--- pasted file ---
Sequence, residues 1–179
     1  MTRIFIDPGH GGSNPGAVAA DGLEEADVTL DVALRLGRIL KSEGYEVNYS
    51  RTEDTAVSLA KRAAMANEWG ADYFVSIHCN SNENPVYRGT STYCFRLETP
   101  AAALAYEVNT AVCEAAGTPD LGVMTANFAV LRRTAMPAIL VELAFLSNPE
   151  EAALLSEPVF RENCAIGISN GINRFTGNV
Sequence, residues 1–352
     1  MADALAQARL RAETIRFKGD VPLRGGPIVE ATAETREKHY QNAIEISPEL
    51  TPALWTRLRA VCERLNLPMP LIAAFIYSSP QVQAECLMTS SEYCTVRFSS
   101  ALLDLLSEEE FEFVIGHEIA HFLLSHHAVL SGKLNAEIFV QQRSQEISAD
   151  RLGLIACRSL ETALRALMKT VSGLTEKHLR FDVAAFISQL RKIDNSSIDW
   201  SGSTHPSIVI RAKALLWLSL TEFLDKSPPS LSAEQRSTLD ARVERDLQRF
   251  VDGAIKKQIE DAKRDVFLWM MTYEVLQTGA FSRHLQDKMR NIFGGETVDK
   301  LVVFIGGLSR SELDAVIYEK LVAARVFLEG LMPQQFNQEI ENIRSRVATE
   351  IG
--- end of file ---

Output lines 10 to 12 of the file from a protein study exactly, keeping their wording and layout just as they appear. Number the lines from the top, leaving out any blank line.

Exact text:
   151  RLGLIACRSL ETALRALMKT VSGLTEKHLR FDVAAFISQL RKIDNSSIDW
   201  SGSTHPSIVI RAKALLWLSL TEFLDKSPPS LSAEQRSTLD ARVERDLQRF
   251  VDGAIKKQIE DAKRDVFLWM MTYEVLQTGA FSRHLQDKMR NIFGGETVDK